Seeing this clip of a pop show rendition of Deep Blue Something's "Breakfast at Tiffany's" reminds me of when a song is abused too much. In my own experience, it really kicked in when I saw my high school drill team dance to the Offspring's "Come Out and Play."
I don't recall ever playing the song in marching band, but I do remember seeing the sheet music and groaning. At that point, when it came to pop tunes played at halftime and in the stands, they were relegated to songs from the Sixties or Seventies. Here was a song -- a pop-punk song no less -- that had only been out for a couple of years and now it's a half-time entertainment piece. This was a song I enjoyed and credit it (along with "Longview" and "Basket Case") for getting me into the pop-punk genre. Now here I was seeing it played for people who I always thought could give a flying you-know-what about this band, its fans and its style of music.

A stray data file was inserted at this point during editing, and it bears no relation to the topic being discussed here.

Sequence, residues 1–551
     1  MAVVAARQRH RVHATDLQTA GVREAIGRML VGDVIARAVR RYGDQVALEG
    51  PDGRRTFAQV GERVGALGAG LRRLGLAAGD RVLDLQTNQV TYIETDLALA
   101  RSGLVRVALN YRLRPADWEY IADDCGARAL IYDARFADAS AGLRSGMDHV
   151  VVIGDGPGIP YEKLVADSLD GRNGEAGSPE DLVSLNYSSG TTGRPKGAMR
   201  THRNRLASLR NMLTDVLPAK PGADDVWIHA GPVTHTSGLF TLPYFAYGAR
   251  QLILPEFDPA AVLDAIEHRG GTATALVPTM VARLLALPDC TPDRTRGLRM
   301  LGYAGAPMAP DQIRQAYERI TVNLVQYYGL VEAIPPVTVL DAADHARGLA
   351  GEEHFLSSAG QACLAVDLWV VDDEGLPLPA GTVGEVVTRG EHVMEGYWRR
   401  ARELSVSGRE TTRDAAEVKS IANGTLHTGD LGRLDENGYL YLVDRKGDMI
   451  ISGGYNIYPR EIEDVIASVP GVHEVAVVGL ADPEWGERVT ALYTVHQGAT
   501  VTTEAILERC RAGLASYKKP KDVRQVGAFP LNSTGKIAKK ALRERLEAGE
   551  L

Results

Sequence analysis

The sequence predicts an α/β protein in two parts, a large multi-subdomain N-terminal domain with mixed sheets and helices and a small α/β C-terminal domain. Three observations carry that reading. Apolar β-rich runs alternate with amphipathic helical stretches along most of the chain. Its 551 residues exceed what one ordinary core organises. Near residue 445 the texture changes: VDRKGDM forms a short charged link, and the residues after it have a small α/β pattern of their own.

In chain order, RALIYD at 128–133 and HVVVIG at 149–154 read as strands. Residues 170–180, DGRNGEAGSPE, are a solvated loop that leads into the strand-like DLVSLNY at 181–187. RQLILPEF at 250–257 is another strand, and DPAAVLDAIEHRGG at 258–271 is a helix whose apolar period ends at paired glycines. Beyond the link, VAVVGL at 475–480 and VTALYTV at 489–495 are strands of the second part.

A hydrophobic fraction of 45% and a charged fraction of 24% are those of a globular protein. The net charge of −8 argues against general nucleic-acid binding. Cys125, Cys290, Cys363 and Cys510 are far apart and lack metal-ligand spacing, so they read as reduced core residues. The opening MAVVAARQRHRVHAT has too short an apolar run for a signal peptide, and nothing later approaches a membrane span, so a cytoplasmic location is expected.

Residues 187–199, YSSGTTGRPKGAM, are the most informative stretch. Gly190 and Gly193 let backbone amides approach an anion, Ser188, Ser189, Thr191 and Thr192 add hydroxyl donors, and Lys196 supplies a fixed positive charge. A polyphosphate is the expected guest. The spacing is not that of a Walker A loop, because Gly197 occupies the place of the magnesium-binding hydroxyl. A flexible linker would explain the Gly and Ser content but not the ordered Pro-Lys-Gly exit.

It was then I began to realize how music can be obtained by anybody and used in any way. For me, as a teenager who kept to himself, had a small circle of friends and cared passionately about the music I loved, this was alienating. A song like "Come Out and Play" wasn't written for mass consumption like an ad jingle or a Celine Dion song. But I never got to a point where I hated the Offspring for becoming popular. Unlike everyone around me at a show at Fitzgerald's, I couldn't justify throwing middle fingers up in the air after Jack Grisham of the Joykiller mentioned they had recently toured with the band.
Of course, there could be really odder choices for drill team or pop show songs. I highly doubt a Zao song or a Dillinger Escape Plan song would get the treatment, but you never know.